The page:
Effects of Global Shocks on Growth in the Philippines
15. The results indicate that external growth shocks have a larger impact on Philippine growth than financial shocks. External growth shocks cause Philippine growth to decrease by about two thirds of the peak response of external growth itself (Figure I.2). A 1 percentage point negative shock followed by a peak response of external growth of 1.6 percentage points after four quarters, causes Philippine growth to decline by almost 1 percentage point after four quarters.3
Figure I.2.Impulse Responses to an External Growth Shock
16. Trade is the most important transmission channel. Shocks to external growth have a statistically significant impact on exports, with a 1 percentage point negative external growth shock causing export growth to decline by 10 percentage points after two quarters. Remittances are more resilient, gradually declining by about 1.3 percentage points after five quarters. The more gradual impact may reflect slowly deteriorating labor market conditions in host countries. However, the effect on remittances is not statistically significant at standard levels and, indeed, remittances have held up well during the global crisis reflecting the diversity of destinations of OFWs.
17. The impact of global risk aversion shocks on Philippine growth is smaller than the impact of external growth shocks. Even a relatively large shock increasing the VIX by 10 units—equivalent to the difference between the long-term average VIX level and the elevated levels seen in late 2011—only has a minor effect on Philippine growth (Figure I.3). The negative impact on growth gradually rises to about one third of a percentage point after five quarters. The shock is transmitted through a transitory impact on capital flows and a somewhat more persistent impact on remittances. The adverse effect on remittances may reflect caution in response to a general increase in uncertainty as well as labor market weakening in host countries.
Figure I.3.Impulse Responses to a Global Risk Aversion Shock
18. There are also spillovers from external developments to domestic demand, in particular fixed investment. When exports decline consumption does not change, but exporters cut back on investment and there are also spillovers to investments related to the domestic economy. In addition, adverse shocks to capital flows or remittances have a negative impact on investment as financing becomes more scarce and costly.
19. The model can be used to produce conditional forecasts based on assumptions about the future paths of some of the exogenous variables. By comparing the resulting GDP growth projections with the corresponding forecasts under the baseline scenario, it is possible to estimate the impact of a specific downside global scenario. The scenario and estimated impacts in this section are presented only for illustrative purposes and do not represent any judgment on likely scenarios for the global economy or the Philippines.
20. In an adverse global scenario growth in the euro area and the United States falls significantly in 2012 and 2013, causing spillovers to growth in other major economies. The scenario from the IMF October 2011 Regional Economic Outlook: Asia and Pacific assumes that growth in the euro are and the United States declines by 3.5 percentage points and 1 percentage point, respectively, below the baseline for two years. The impact on Japan and China is estimated using the IMF’s Global Integrated Monetary and Fiscal (GIMF) model.4 The total impact on external growth relative to the baseline in the G-4 economies weighted by their relative share of Philippine exports is 2.2 percentage points in 2012 and 2.3 percentage points in 2013.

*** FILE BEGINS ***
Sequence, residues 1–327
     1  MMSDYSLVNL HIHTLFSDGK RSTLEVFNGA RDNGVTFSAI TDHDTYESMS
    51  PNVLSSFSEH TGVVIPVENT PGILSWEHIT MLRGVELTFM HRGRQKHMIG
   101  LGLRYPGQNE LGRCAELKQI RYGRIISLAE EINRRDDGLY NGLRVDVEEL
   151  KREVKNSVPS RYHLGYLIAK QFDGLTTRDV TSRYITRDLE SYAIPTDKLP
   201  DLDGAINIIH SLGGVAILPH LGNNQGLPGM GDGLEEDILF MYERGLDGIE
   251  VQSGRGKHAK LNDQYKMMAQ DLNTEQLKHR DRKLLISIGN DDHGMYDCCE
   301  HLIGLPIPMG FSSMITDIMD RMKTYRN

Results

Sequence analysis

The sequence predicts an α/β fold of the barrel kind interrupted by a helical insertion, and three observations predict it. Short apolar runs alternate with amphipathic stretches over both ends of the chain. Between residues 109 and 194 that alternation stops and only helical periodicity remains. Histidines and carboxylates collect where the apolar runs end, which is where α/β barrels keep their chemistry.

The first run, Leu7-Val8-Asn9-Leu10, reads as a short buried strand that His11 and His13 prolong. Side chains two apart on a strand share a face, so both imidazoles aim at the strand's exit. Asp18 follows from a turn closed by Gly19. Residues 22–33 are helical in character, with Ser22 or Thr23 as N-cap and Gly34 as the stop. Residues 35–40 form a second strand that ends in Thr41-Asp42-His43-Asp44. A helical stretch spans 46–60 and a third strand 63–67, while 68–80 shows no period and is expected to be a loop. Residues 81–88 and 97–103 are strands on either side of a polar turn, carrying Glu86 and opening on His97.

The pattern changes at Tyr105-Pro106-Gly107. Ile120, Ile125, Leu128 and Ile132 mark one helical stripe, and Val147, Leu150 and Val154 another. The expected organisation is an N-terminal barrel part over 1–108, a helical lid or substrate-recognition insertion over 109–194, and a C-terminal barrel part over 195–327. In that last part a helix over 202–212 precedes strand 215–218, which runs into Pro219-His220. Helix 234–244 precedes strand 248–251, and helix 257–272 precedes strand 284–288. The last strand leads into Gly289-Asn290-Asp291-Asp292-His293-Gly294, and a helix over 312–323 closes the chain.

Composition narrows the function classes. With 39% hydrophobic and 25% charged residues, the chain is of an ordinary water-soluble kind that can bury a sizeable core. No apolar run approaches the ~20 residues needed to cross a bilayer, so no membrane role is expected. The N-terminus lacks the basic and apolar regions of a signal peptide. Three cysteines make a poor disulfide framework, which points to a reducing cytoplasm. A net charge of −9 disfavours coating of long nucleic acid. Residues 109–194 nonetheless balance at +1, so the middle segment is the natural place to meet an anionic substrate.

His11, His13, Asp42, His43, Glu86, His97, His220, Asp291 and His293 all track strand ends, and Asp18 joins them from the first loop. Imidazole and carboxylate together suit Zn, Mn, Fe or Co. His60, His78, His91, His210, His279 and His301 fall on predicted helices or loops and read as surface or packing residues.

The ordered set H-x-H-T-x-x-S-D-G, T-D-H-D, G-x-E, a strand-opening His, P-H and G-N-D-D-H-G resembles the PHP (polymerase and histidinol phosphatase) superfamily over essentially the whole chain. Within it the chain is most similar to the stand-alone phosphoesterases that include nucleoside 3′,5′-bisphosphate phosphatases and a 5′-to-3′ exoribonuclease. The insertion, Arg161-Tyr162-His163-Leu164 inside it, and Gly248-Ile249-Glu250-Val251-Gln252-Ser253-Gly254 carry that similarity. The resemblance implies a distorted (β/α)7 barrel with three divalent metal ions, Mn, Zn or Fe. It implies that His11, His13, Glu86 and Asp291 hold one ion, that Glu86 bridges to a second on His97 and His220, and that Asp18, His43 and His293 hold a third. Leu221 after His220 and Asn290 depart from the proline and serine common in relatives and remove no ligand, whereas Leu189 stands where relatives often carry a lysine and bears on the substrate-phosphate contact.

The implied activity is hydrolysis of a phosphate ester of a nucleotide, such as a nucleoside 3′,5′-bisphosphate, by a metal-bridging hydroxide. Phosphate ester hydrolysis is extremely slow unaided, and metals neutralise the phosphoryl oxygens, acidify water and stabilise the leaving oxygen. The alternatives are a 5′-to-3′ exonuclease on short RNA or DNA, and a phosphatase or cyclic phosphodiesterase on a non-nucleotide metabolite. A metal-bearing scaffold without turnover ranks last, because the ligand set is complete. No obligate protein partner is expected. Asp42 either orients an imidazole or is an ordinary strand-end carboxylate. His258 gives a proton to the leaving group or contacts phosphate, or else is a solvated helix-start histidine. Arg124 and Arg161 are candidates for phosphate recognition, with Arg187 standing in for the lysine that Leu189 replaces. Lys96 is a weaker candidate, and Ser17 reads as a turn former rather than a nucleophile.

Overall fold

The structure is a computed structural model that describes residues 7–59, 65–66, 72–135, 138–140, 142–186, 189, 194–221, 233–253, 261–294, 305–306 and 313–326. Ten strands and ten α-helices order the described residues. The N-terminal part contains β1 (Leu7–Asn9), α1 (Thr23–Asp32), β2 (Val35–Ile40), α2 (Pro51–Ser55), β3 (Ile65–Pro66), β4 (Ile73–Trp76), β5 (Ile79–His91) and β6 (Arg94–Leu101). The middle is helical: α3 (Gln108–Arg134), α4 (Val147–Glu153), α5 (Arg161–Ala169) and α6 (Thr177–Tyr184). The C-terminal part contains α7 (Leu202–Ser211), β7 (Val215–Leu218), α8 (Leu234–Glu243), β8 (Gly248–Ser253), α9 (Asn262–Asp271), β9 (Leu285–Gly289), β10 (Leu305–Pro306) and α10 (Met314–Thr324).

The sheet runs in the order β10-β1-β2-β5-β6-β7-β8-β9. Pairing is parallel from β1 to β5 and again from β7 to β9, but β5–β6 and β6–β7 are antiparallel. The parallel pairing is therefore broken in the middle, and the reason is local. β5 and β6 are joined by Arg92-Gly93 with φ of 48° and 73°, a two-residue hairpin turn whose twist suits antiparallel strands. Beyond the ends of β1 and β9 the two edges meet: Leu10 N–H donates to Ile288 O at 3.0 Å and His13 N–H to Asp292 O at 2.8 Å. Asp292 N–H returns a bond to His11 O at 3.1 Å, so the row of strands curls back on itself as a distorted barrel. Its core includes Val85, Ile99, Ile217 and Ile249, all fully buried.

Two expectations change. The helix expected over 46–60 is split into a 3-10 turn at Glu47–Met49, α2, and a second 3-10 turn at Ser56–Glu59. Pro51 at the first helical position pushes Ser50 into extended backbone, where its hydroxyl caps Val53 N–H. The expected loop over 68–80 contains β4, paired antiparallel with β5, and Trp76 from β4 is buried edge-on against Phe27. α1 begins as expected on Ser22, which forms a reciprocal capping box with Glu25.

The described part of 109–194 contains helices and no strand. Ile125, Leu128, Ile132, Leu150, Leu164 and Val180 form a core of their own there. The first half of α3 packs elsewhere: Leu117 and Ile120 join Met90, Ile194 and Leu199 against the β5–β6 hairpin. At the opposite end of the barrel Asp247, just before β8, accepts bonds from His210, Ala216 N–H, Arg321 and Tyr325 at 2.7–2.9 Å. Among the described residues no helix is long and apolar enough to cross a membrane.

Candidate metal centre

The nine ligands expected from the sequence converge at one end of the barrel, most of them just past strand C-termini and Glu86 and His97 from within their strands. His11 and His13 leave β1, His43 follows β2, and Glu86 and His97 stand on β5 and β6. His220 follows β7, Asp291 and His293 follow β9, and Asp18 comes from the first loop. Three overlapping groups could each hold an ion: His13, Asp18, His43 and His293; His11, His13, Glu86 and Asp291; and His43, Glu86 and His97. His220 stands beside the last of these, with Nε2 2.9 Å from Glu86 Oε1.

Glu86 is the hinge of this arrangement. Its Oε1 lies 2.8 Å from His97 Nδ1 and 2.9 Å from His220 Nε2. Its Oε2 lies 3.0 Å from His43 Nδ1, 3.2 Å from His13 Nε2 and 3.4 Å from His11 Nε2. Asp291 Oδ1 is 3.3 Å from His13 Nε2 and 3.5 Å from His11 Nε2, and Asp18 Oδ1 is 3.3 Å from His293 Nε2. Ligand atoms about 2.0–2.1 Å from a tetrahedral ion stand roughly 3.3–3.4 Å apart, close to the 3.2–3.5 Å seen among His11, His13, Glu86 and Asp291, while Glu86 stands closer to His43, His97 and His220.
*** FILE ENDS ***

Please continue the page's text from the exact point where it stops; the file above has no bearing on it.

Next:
21. Staff estimates indicate that growth in the Philippines could drop by about two third of the decline in external growth before any fiscal and monetary response. GDP growth declines by about 1.5 percentage points in both 2012 and 2013 relative to the baseline projection (Figure I.4). The impact is calculated before any fiscal and monetary response. The output gap turns negative, contributing to a decline in inflation, and the fiscal balance deteriorates due to revenue automatic stabilizers.5 The impact on exports and fixed investment is larger than the impact on private consumption, reflecting the resilience of remittances. The current account balance falls at first as exports decline faster than imports, and then rises as weaker domestic demand leads to lower imports.
Figure I.4.Deviations from Baseline in Downside Scenario 1/
1/ Assumes a -3.5 percent shock to output in the euro area and -1 percent in the United States for two years. Incorporates effects on other major economies based on the Global Integrated Monetary and Fiscal (GIMF) model.
22. The scenario analysis shows that the effects of weaker economic conditions in the euro area and United States could have a significant impact on the Philippines. To some extent the effects could be mitigated by resilience in other key trading partners, such as the ASEAN countries, as well as the deployment of a range of policy tools. Many of the measures that were successful during the 2008-2009 global crisis could be usefully reactivated.
DuttaguptaR. and N.Barrera2010“The Impact of the Global Crisis on Canada: What Do Macro-Financial Linkages Tell Us?”IMF Working Paper No. 10/5 (Washington: International Monetary Fund).
OsterholmP. and J.Zettelmeyer2008“The Effect of External Conditions on Growth in Latin America,”IMF Staff PapersVol. 55No. 4 pp. 595-623 (Washington: International Monetary Fund).
PeirisS. J.2011“Forecasting and Monetary Policy Analysis System for the Philippines,” in Philippines—Selected Issues IMF Country Report No. 11/58 (Washington: International Monetary Fund).
PorterN.2010“Price Dynamics in China,”IMF Working Paper No. 10/221 (Washington: International Monetary Fund).
Prepared by Ola Melander.
Other recent IMF papers using the same methodology are Duttagupta and Barrera (2010) studying the effects of the global crisis on Canada, Osterholm and Zettelmeyer (2008) investigating spillovers to Latin America, and Porter (2010) studying price dynamics in China.
The estimated impact of external growth is in line with other estimates for the Philippines. The IMF October 2011 Regional Economic Outlook: Asia and Pacific finds similar effects using another methodology to investigate the vulnerability of selected Asian countries to a slowdown in the United States and the euro area. The estimated effect for the Philippines was larger than for China, India, and Indonesia, but smaller than for other ASEAN economies.
Growth in Japan falls by 1.8 percentage points in the first year and by 1.4 percentage points in the second year. China is hit harder with growth declining by 3.0 percentage points in the first year and 3.9 percentage points in the second year.
The estimated impact of the output gap on inflation is taken from Peiris (2011). It is assumed that a 1 percentage point decline in the output gap causes the fiscal revenue to GDP ratio to fall by about 0.1 percent of GDP, and that nominal expenditure is unchanged.